4 Parts of Blood Introduction Student Background Knowledge Teacher Background Knowledge white blood cells, red blood cells, plasma, platelets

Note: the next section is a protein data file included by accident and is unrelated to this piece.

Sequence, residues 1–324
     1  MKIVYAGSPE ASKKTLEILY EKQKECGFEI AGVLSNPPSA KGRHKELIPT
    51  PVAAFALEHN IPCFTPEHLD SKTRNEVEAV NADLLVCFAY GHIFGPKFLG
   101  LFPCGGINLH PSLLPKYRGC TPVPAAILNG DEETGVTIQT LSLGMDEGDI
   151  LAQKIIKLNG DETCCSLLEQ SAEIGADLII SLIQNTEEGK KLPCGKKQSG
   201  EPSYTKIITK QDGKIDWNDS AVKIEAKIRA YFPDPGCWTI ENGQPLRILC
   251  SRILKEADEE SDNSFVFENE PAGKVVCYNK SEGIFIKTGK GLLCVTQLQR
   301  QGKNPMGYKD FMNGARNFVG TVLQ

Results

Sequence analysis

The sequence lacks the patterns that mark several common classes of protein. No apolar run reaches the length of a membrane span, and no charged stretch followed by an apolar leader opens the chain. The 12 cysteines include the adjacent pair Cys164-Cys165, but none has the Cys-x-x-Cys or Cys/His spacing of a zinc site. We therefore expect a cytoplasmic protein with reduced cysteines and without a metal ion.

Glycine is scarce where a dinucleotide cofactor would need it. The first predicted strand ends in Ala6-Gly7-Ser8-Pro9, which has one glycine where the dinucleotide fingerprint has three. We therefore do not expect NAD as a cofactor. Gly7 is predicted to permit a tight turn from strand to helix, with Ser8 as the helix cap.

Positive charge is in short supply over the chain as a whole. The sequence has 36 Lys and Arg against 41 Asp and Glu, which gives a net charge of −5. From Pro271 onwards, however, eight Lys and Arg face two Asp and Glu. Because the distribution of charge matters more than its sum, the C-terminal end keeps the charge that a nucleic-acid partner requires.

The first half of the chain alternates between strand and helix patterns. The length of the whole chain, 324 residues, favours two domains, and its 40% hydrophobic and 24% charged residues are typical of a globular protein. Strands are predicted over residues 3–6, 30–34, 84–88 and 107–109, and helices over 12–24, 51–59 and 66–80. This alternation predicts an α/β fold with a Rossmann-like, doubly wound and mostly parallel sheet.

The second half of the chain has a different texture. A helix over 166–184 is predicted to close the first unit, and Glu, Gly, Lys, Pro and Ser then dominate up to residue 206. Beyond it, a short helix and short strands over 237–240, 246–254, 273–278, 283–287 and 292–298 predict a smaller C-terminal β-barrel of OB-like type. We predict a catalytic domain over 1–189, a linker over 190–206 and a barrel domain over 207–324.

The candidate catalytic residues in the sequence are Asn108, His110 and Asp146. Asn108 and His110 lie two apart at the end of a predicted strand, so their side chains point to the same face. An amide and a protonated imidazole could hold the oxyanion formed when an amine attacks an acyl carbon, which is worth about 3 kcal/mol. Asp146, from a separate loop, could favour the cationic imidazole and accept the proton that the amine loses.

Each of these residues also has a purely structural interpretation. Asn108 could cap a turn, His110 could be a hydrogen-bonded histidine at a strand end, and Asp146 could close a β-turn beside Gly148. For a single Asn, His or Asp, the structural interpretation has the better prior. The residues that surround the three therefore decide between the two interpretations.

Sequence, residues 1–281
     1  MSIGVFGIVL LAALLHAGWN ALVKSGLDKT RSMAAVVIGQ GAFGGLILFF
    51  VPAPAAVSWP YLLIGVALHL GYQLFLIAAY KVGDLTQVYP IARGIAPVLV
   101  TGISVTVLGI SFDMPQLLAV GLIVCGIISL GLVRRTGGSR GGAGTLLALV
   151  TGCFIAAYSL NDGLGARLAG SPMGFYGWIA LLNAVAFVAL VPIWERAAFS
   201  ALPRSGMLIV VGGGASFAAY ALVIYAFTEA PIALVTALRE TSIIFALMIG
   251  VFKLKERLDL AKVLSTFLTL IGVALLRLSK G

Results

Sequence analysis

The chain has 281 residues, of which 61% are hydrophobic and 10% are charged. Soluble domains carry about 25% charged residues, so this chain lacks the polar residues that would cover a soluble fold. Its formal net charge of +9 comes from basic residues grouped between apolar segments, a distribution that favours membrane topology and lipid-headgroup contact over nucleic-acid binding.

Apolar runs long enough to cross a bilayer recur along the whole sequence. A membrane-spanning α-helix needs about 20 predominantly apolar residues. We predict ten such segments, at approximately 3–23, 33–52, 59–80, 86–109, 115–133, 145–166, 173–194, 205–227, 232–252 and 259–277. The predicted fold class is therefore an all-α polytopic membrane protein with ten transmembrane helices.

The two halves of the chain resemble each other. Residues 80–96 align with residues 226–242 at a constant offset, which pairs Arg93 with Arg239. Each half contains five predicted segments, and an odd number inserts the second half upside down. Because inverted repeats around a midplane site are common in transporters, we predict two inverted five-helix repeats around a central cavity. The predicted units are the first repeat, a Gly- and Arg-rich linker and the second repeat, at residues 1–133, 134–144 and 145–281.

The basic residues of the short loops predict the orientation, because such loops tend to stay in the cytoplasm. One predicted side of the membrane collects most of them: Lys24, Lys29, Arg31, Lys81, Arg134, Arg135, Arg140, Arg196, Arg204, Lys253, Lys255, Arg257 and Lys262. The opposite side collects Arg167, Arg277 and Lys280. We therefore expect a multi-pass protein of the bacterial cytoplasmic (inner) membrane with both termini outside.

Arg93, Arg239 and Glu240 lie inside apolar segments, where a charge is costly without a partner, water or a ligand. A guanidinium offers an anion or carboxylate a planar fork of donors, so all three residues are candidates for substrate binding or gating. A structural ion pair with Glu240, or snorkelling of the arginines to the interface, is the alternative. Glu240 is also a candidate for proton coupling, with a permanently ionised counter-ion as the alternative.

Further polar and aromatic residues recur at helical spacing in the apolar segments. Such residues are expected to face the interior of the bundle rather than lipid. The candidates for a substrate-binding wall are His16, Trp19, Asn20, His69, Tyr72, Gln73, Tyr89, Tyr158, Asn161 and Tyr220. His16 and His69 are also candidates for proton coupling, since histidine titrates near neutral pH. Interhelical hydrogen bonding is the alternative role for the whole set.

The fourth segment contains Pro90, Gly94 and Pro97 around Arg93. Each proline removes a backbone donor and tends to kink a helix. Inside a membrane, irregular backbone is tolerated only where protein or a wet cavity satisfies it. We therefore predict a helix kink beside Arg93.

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1 4 Parts of Blood Introduction The purpose of this lesson is to introduce students to the four different parts of blood and physiological problems that arise when the parts do not function properly. This lesson will allow different groups to solve different problems simultaneously. This lesson may or may not fit into one class period, depending on class time. Student Background Knowledge This lesson is an introduction to blood and circulation. Knowledge of blood flow through the heart and body will be beneficial, but is by no means required. Teacher Background Knowledge The teacher must know the four main parts of blood: white blood cells, red blood cells, plasma, platelets. The parts of blood each have different densities, and therefore will separate into four different and distinct layers if centrifuged. Blood is composed of plasma, which is about ninety percent water. Plasma serves as the main transportation component in the body since it is the liquid part of blood. Besides needing water for respiration and glycolysis, students must drink enough water each day to keep their blood functioning properly. Nutrients such as calcium and all other components of blood travel via plasma. Red blood cells have a lifespan of approximately 120 days. The primary function of red blood cells is to transport oxygen throughout the body. Red blood cells have a protein called hemoglobin on their outer surface. Hemoglobin has iron molecules attached to it (hence a major reason to have iron in a diet), and therefore has an extremely strong affinity for oxygen. The iron combining with the oxygen (oxidation) gives red blood cells their red color. Veins have blue blood because there is no oxygen left since the red blood cells have deposited the oxygen and are returning to the heart and lungs to obtain more oxygen. Sickle Cell Anemia is a genetic (inherited on chromosome 11, homozygous recessive gene), often fatal disorder that affects red blood cells. If a person inherits one recessive sickle cell allele from their mother and one recessive sickle cell allele from their father, they will have the gene for sickle cell anemia. This disease is characterized by the normally round red blood cells bending into a sickle shape, and thus not carrying as much oxygen as normal red blood cells. Also, the sickle cells clog capillaries, thus causing blood clots and preventing oxygen from reaching the organs. However, if one parent passes on a recessive sickle cell allele, and the other parent passes on a normal dominant allele, the child will have only slightly mutated cells. If the child is heterozygous, then they will have immunity from malaria, since the malaria parasite invades normal red blood cells. Many studies suggest that a strong correlation exists between the high incidence of sickle cell anemia and African-Americans because the ancestors of African-Americans lived in Africa, a hotspot for malaria. Therefore, a heterozygous genotype for sickle cell provided necessary protection, despite the increased risk of passing a recessive sickle cell allele to offspring.